Hardinge dividing head
For those of you who followed my prior post regarding my Hardinge dividing head and how I managed to break the lock-ring...well, I'll not go into it again. I re-diagnosed the thing, and YES, sure enough, I broke the lock ring which surrounds the turning spindle.
I'm looking for assistance in how to disassemble the unit in order to get to that lock ring. I've got a schematic and a parts list, but that ain't cutting it so far. It seems I might need a 2" spanner wrench to unscrew a spanner nut on the tail end of this unit, whereby it appears the rear bearing set can then be slid out.
I may call Hardinge today to see if I can find a "Royal Smart Person" to assist this stupid, ignorant poor excuse for an air-breathing organism...
Any other advice out there???
The 3rd Hand section doesn't get the visibility that the general section does. You might want to repeat your post there. Also, consider making your request in the Bridgeport Hardinge sub-section over at PM, they have a broader base of Hardinge participants.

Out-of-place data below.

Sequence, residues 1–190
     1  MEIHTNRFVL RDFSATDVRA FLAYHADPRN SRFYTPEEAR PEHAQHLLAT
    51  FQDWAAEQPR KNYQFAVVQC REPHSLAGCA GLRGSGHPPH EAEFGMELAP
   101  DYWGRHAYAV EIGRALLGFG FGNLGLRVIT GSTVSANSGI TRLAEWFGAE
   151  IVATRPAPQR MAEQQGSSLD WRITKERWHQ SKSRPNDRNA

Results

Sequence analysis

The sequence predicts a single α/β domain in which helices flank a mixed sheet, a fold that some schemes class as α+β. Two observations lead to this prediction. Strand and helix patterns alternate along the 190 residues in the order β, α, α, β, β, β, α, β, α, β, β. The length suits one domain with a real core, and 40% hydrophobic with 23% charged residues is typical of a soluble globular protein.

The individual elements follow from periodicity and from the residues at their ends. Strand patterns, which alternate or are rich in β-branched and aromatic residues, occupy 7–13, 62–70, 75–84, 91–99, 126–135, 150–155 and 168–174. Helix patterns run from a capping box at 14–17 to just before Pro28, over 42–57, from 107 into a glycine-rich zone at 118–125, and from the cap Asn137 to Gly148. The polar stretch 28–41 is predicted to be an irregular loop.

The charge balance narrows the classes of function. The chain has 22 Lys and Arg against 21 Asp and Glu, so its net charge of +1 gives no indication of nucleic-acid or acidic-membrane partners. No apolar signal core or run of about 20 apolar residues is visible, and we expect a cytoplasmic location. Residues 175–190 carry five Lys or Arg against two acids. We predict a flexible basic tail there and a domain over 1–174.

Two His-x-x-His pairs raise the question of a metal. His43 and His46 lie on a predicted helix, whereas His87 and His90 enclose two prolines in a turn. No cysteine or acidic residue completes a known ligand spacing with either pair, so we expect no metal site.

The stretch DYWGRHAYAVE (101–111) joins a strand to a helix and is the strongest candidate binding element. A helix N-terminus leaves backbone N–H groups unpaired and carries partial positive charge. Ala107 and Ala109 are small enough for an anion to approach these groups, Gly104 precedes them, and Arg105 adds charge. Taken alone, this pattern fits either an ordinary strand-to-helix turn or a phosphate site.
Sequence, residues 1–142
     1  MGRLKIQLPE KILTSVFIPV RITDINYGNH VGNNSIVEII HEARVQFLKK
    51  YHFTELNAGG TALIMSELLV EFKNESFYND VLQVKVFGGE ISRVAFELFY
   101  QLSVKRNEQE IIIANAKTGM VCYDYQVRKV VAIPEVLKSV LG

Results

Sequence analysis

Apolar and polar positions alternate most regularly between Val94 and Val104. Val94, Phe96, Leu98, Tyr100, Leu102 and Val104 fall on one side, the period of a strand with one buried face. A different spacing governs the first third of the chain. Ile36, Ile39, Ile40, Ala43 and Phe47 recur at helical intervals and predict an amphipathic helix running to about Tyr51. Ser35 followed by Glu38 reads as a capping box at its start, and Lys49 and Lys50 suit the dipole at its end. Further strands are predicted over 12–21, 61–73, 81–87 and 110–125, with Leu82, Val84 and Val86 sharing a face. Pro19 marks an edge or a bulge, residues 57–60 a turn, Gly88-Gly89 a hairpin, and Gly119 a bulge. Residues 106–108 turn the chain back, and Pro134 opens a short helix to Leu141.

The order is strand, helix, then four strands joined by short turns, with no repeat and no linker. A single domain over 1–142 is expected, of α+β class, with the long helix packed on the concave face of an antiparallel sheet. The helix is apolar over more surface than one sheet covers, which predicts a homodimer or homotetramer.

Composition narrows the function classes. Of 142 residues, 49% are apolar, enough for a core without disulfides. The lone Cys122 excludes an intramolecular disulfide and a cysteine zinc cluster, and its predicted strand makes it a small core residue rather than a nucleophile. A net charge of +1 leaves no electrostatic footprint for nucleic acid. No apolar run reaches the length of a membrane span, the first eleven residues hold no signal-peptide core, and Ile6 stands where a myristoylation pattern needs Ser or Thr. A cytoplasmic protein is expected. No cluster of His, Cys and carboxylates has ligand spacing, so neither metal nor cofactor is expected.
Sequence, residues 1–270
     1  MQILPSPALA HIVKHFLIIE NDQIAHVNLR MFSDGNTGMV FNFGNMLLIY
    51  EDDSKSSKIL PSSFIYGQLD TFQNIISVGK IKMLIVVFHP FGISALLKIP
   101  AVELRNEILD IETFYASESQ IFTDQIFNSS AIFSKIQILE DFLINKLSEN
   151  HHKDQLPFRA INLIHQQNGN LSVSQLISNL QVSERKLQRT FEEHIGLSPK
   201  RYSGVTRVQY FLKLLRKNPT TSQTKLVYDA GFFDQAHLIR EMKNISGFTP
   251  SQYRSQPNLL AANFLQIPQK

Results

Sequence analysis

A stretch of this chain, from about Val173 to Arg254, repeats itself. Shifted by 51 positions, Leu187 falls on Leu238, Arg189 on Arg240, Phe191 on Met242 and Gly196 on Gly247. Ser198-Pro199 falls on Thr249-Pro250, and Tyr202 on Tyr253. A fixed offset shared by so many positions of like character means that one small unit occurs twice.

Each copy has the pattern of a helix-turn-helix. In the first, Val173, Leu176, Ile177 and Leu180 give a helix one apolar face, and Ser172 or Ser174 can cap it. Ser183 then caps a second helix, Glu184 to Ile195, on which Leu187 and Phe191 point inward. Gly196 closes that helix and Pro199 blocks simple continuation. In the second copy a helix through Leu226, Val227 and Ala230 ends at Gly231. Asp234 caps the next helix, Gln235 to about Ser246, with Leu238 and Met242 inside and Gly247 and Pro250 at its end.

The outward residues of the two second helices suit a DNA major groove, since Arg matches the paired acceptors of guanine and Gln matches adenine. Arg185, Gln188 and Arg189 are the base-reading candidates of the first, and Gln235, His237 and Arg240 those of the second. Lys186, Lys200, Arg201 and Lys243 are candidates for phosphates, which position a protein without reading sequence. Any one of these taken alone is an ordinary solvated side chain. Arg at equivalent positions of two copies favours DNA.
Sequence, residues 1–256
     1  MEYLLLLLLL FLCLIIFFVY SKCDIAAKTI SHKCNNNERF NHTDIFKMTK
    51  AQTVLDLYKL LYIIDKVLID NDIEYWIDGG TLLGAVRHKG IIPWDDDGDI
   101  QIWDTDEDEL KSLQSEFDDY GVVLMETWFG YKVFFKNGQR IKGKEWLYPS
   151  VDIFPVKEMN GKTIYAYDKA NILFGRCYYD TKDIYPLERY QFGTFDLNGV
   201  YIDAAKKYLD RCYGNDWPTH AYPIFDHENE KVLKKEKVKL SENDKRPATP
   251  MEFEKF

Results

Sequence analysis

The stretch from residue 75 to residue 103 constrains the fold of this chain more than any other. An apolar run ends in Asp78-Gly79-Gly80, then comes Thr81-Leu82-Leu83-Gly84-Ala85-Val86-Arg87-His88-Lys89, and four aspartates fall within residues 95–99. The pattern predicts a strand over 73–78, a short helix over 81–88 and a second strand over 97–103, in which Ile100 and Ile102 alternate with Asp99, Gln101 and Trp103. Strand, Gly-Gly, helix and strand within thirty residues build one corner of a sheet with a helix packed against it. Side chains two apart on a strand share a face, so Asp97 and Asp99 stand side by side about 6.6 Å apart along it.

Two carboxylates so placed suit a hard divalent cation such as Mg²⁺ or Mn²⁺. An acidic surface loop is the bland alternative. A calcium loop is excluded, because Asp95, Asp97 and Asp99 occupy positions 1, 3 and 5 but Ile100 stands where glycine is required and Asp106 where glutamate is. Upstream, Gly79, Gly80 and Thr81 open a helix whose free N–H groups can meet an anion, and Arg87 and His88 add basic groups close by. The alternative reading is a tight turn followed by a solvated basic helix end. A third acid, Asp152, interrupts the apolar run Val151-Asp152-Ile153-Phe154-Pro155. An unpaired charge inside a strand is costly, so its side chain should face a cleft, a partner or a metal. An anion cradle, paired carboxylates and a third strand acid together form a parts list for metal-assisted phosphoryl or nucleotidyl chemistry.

The dividing head is not very well known. I have owned 2 of them (1 currently) and probably made the drawing available that you have. I belong to the Hardinge Group on Yahoo for the lathes, and doubt that they would be able to offer much help. I also doubt that the Hardinge factory would have anyone that could tell you anything regarding the disassembly of that head. They haven't really supported that head for years, and with all the changes the factory has gone thru, I doubt if anyone is left that knows much about the old products.
About 6 years ago I called them for help with my HC (chucker) lathe (hotrod model) and they couldn't even figure out the year of manufacture, nor what it would look like (in terms of drive motor and features). They thought it must be a very early model, and yet the carriage feature and drive motor suggested it was much later in the series.
You might want to join the Hardinge Mill Group:
The dividing head was really a horizontal mill accessory. I have one of the bed-plates that the dividing head and tailstock could be attached and then the entire assembly placed on a mill. The mill folks probably regard the dividing head as a "mill accessory" and are much more likely to own(ed) one than the lathe folks.
Last edited by Jim Caudill; 02-09-2012 at 02:41 AM.